CPU benchmarking for reward calculations

Rewards are steady for 5 years.

I would assume down the road hardware specs will be shown when renting. A raspberry pi and a datacenter server do not serve the same clientele.

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Food for though, Flux has minimum events per second (EPS) for its node tiers.

https://runonflux.io/flux-nodes.html (ctrl+F eps)

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That’s cool. You can do your own test with command lines.

I wonder about EPS vs passmark. Which is more precise and effective for assessing the quality of a 3node.

Interesting. I wonder how they arrived at these figures for Flux.

Based on my reading, they are using sysbench, particularly the included prime number test for CPUs. If you read up on PassMark, you’ll find that this is one of a suite of tests which get aggregated into the overall score. You can also find a free download for Linux/MacOS at that link for testing, as well as a trial version for Windows.

EPS is kinda like hertz–it’s just a measure of frequency that could be applied to any kind of event. In this case, it’s finding prime numbers, which is a useful but limited way to measure CPU performance. There are other tests bundled with sysbench that would give different perspectives on the performance of a CPU or system.

So, PassMark seems like a convenient way to test CPUs more holistically, while sysbench has the advantages of being open source and extensible.


What if the payout takes the average of all running systems passmark and then tunes the payout multiplier based on are you below or above the average? This can be implemented in a way that it starts with a small penalty but it increases to the desired goal through a year.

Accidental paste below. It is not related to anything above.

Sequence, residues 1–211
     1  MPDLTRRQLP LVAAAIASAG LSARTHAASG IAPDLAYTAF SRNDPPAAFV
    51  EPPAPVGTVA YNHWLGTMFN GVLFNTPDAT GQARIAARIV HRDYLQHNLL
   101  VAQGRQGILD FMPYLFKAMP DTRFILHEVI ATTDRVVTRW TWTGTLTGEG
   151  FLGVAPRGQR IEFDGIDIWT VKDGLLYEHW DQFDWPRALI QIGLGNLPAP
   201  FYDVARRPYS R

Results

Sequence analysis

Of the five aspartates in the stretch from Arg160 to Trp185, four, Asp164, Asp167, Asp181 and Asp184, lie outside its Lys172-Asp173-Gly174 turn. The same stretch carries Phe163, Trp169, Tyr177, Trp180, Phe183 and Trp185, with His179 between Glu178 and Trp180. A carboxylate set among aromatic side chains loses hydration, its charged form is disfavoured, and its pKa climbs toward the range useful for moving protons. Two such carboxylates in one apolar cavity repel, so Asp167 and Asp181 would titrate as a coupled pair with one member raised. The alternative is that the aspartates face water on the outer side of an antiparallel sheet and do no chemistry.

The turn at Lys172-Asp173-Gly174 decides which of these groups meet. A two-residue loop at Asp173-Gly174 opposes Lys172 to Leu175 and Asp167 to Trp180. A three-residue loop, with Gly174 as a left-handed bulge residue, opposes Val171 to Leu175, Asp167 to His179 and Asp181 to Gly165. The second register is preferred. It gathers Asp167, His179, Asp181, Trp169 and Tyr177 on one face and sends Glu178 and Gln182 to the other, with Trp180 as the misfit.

But judging the cpu speed just by that is not realistic. The more cores you have the more overhead there might be in the system if you have lots of stuff running. I would rather run my 4 cpu load on a 4 core machine alone than on a busy 24 cpu machine even if it’s faster.

Some more factors:
Ram speed
L2 cache size
Ssd speed

E.g. Heavy IO towards disks(ssd and hdd) can get the whole system to a crawl, especially if you have say SMR disks and you trying to showel a lot of data to them. And the fastest cpu won’t help there.
This can be partially adressed by using cgroups, don’t know if TF uses it.

The one thing I’m not sure I saw was real usage payouts. So if some system is running a contract, does it get a share? If that’s the case then that solves pretty much the problem, as a more capable system will be able to run and keep more customers and the thing will self regulate for the most part.